Before I could a full-blown existential crisis, my husband wandered over with his book choices under his arm. I turned to him and asked him flat out, “Am I a romance writer, or do I write fiction with romantic plots,” as another tweeter had felt compelled to tell me. He stood there for a minute, I could see he was perplexed by the question, and I wondered if the tweeters were right. I felt the pit of my stomach begin to burn as I waited for his answer. Like the amazing man that he is, he gave an amazing answer. “Your work belongs on that shelf,” he said as he pointed towards the romance section, “or any other shelf you want it to in this whole damn store.” Then he asked me, “do you think Stephen King lets people tell him, that he doesn’t write fiction, or his books aren’t scary enough to be classified as horror? No, he writes what he writes because he loves it. You write whatever stories are inside you, and don’t let someone else tell you who or what you write.”
Guys, I was speechless. Now my hubs is a pretty smart guy and occasionally he says something resonates with me. I say occasionally because we’ve been together for almost twenty years at this point, it takes a lot to really shock each other. What he said last night will be imprinted on me forever! I woke up this morning with a smile on my face thinking to myself, that my stories and all writers have their own way of telling their stories. Gatekeepers do their genre a disservice in curtailing what should or should not be classified. Writing is an art, sure your work can be classified as different types but at the end of the day, art is unique.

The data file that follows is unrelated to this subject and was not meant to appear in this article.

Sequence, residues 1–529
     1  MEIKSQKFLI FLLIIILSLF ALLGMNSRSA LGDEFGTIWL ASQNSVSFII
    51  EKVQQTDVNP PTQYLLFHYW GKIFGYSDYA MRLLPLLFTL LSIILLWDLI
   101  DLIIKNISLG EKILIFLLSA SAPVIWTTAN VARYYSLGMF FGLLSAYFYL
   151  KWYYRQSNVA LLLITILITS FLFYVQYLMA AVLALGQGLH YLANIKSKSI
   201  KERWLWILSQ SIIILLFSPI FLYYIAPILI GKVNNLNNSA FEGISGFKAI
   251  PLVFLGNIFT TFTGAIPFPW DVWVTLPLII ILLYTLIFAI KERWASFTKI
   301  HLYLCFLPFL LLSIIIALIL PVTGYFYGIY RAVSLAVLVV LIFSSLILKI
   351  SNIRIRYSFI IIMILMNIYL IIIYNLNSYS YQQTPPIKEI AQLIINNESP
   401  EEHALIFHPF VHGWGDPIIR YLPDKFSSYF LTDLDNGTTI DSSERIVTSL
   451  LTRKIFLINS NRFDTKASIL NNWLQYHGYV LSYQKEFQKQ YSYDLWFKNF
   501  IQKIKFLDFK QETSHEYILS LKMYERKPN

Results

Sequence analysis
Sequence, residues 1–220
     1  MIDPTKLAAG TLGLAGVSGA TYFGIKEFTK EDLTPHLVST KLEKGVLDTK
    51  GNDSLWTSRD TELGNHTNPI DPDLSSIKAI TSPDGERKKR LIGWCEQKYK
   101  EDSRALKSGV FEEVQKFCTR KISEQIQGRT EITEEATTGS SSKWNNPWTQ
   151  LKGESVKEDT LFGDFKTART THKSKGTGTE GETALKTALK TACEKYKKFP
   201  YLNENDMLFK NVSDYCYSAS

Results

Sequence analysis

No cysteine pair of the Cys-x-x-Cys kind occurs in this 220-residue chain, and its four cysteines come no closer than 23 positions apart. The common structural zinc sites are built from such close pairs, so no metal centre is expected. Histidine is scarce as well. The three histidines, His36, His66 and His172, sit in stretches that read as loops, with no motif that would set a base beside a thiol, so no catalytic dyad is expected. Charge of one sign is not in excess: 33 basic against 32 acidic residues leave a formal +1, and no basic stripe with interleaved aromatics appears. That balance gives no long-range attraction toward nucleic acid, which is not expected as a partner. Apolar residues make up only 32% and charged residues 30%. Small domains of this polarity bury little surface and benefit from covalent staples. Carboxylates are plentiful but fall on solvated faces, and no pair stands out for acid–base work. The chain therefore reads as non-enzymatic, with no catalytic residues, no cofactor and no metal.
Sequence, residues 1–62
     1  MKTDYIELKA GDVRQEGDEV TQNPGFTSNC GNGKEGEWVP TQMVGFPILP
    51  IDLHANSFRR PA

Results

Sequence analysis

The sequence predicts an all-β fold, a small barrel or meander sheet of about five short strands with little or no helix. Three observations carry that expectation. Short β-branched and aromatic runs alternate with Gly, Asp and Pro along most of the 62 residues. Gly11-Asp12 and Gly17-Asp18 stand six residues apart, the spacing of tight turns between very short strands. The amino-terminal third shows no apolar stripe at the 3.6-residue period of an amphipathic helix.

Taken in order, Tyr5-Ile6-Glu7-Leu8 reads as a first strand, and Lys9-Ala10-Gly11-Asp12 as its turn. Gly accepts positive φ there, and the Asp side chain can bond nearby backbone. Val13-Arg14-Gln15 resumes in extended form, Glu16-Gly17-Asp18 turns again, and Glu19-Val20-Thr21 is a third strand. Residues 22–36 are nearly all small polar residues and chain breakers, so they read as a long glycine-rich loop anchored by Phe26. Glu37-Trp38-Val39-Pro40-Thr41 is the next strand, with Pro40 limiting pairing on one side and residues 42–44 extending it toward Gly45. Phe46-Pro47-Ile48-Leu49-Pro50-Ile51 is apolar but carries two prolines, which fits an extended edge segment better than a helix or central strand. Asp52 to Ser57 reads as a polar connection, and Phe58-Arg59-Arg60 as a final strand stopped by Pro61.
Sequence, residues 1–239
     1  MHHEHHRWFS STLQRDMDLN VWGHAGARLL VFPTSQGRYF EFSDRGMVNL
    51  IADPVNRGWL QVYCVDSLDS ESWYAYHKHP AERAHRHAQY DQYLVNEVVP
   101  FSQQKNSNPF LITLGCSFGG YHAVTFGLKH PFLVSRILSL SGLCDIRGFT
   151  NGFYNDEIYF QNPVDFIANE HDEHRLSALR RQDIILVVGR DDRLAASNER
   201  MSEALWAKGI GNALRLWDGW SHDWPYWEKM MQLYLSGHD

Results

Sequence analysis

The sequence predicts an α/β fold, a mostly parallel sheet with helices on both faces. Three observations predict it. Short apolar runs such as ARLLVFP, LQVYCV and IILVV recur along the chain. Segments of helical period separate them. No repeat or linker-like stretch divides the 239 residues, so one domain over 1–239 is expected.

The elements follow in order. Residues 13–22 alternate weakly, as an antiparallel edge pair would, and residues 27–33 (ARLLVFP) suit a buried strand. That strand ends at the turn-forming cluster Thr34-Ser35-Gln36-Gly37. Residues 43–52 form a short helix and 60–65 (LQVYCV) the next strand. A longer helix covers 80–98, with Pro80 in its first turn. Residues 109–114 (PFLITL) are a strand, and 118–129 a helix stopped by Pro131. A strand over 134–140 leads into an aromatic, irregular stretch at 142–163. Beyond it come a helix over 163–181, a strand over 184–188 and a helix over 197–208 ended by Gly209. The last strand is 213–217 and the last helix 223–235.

At the end of the day, I write the type of romance I want to read. I like writing and reading dramatic, high-stakes romance that sometimes has a happy ending and sometimes it doesn’t. I don’t feel like I’ve wasted my time, reading a romance novel if it doesn’t end happily. In the end, I ask my self two things, first, was there a great love story, and two, did it make me feel for the characters? If I can answer yes to both of those questions then to me, I’ve just read and or written a great romance novel.
As Patrick Swayze said in dirty dancing.
“ nobody puts baby in the corner”
That was a romantic movie for sure in its time. Listen to your wise husband. Don’t let anyone box in your creativity. Especially the sewer dwellers on Twitter.
Stay off of that forum for your own self preservation. Lol
Terry Brewer says
It’s a battle that been going on forever. To me, by definition, a romance must end with HEA/HFN. I did not consider MP a romance.
The comments on Twitter were along the lines of if you call it a “romance” and it doesn’t have HEA/HFN, readers and agents will react badly to it. That doesn’t reflect on the work. Just the label.
“Anna Karenina” is no romance. It’s a great book that speaks of romance, but it’s not a romance by that definition. If the main character in “Mansfield Park” were Maria, it wouldn’t be a romance. Though many would consider it a superior novel. What was the line in “Moonstruck”: “I knew she was sick. I didn’t know she was gonna die.”
[SPOILER] Had you pitched MP as a romance, I would have been pissed. Instead, I thought what happened made for a better book. Perhaps that puts it on the Crime/Mystery shelf. Or simply general Fiction without a genre.
In the end, though, just write what you want to write. Write what the characters tell you their stories are. The label is only for others’ expectations.